Every genre and sub-genre of music eventually becomes over-saturated; melodic death metal is no exception. Swedish pioneers At The Gates, In Flames, and Dark Tranquility set the musical blueprints for the genre, with Carcass making the shift towards a more melodic sound with their Heartwork album. For every great album, though, there have been 3 or 4 subpar records released by bands “inspired” by the originators, re-hashing old ideas and making a buck off of their supposed heroes. Australia’s Be’Lakor are not one of those bands, choosing instead to take the basic elements of melodic death metal, and incorporate them into a more progressive direction.
Vessels, Be’Lakor’s latest release, starts things off with a progressive rock/metal leaning intro track entitled “Luma,” which comes across as a mix of Dark Tranquility and Dream Theater. This quickly gives way to some beautiful Spanish guitar on “An Ember’s Arc,” the first full-length track, before breaking into the full-band, with the rhythm guitar playing the same acoustic lick, only on an electric instrument. Vocally, Be’Lakor stick to a guttural, death metal style growl, which helps give the music a heavier edge, and doesn’t sound out of place despite the extremely melodic nature of the instrumental portion of the record. There are so many great riffs and moments throughout each and every song, it’s hard to pinpoint any favorites. Although this is such a well-rounded, solid piece of music, I do find myself drawn to the main verse riff on “The Smoke of Many Fires.” With the use of keyboards, multiple guitar effects pedals, layered guitar tracks, and some damn good songwriting, Vessels has a pretty epic tone overall.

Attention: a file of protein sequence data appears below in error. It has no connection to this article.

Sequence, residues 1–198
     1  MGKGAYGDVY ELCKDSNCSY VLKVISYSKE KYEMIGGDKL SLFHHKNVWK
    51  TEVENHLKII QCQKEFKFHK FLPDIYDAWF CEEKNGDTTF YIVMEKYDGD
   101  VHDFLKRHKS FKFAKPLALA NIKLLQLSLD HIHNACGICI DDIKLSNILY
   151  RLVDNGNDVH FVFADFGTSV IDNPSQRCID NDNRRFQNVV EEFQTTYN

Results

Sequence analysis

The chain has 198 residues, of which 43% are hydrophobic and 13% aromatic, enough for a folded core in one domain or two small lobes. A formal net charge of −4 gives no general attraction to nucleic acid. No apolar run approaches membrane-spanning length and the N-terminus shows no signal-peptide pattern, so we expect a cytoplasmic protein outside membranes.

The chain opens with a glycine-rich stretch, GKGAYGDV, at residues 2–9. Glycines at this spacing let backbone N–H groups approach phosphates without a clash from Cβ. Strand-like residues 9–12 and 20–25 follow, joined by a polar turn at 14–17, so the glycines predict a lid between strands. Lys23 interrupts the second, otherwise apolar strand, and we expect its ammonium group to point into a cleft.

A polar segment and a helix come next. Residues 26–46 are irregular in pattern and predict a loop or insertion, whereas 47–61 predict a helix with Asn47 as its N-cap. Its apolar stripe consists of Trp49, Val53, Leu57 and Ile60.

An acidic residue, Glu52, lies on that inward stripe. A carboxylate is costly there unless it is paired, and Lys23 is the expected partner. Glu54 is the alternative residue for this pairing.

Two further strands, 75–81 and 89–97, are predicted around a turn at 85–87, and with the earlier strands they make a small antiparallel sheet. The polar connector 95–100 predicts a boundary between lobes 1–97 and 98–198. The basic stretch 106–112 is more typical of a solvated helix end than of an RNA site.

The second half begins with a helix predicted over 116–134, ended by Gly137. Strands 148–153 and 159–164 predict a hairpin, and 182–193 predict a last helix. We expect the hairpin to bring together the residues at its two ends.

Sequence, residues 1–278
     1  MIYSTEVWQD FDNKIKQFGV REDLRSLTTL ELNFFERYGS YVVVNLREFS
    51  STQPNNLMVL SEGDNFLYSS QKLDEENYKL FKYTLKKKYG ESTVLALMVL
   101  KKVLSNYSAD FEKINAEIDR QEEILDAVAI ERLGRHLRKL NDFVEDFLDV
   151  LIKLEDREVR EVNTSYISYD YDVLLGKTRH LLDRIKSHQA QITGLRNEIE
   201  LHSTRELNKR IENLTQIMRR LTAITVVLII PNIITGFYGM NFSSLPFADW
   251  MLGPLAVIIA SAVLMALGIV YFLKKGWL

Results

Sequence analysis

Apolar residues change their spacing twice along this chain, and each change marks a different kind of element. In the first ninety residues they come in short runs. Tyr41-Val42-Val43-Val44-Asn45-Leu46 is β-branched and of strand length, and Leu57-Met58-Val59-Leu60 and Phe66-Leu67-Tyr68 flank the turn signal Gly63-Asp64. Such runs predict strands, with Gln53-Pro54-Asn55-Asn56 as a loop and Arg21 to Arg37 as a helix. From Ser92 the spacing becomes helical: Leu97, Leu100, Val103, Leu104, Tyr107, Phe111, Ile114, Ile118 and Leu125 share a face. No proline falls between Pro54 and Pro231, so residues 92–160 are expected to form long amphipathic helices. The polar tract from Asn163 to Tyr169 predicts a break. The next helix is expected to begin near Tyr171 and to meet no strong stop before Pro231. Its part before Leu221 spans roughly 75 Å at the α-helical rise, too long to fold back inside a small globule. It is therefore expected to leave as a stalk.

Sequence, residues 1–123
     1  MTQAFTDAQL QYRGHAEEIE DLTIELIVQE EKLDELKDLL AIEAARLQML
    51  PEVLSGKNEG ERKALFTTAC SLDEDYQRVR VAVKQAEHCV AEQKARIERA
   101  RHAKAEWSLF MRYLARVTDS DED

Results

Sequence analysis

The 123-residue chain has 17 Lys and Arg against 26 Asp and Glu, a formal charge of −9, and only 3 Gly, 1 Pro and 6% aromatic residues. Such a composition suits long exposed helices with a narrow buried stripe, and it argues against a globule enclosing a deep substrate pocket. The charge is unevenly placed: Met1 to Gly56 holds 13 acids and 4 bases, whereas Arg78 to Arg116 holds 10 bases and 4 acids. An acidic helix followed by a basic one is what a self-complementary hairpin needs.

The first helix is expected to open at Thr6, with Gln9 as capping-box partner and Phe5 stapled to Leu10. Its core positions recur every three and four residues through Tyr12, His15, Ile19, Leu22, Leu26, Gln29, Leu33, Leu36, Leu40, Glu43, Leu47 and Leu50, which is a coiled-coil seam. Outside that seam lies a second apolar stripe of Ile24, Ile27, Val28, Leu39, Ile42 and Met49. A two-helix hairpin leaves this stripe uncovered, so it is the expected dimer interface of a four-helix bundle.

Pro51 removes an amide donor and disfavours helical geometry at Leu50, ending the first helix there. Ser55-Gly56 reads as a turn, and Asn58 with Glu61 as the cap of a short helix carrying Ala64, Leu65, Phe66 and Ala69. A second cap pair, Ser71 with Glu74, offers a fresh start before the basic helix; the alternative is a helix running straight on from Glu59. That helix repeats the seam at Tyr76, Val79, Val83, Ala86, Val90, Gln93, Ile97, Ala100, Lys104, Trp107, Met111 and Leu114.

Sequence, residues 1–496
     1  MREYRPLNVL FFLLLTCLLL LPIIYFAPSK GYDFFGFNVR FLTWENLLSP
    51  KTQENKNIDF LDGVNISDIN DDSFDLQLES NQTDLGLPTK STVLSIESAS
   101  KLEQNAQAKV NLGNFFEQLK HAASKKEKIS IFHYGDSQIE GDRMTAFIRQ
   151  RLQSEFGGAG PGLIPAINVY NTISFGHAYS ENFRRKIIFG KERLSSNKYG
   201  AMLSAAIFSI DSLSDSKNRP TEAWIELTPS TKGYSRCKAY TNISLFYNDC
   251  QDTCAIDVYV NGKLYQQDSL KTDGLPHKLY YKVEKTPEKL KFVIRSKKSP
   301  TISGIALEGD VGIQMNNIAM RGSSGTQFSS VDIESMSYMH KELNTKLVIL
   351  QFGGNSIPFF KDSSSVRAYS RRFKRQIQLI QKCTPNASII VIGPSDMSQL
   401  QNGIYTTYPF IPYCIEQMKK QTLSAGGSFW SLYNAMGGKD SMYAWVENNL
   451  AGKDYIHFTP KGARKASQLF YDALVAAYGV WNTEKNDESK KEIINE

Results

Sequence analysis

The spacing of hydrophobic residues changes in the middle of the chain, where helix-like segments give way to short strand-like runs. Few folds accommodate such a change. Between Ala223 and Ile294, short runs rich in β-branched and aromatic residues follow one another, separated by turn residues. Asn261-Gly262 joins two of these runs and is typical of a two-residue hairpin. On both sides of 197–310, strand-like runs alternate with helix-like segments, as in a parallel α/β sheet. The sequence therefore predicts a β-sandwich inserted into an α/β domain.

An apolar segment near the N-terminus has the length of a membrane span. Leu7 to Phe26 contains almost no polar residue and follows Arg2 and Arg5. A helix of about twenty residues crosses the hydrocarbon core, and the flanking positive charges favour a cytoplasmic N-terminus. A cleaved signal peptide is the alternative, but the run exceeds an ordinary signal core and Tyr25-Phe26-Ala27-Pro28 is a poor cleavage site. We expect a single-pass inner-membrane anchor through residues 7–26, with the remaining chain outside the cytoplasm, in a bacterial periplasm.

The production is fantastic, with smooth, seamless transitions between movements in each song, particularly when the band switches from acoustic to electric instruments (which happens several times throughout the record). The lead guitar bits are given a slight boost in the mix, floating over the rhythm guitars as an extra layer, rather than a focal point of each song. There’s a dreamlike quality to this album, thanks in particular to the use of keyboards/synthesizers, as well as electronics, giving Be’Lakor an advantage over many of the other more guitar-heavy bands in the genre. The mixing of guitar and keys is done so well that you can’t really claim the band to be solely guitar OR keyboard-driven, as each instrument is equally vital to the bigger picture.
Fans looking for something to mosh to might find Vessels to be a little more melodic than what they’re looking for. As a listening experience at home, however, I think you’d be hard-pressed to find a better option. There are so many layers, so many cool ideas thrown at you that you’ll hear something new every time, and yet Be’Lakor manage to make it all a pretty cohesive, easy-to-listen-to record that could appeal to a pretty wide variety of people. Solid musicianship, immaculate production, and absolutely beautiful melodies provide a lush soundscape on Vessels that will certainly be gracing my headphones for a while.
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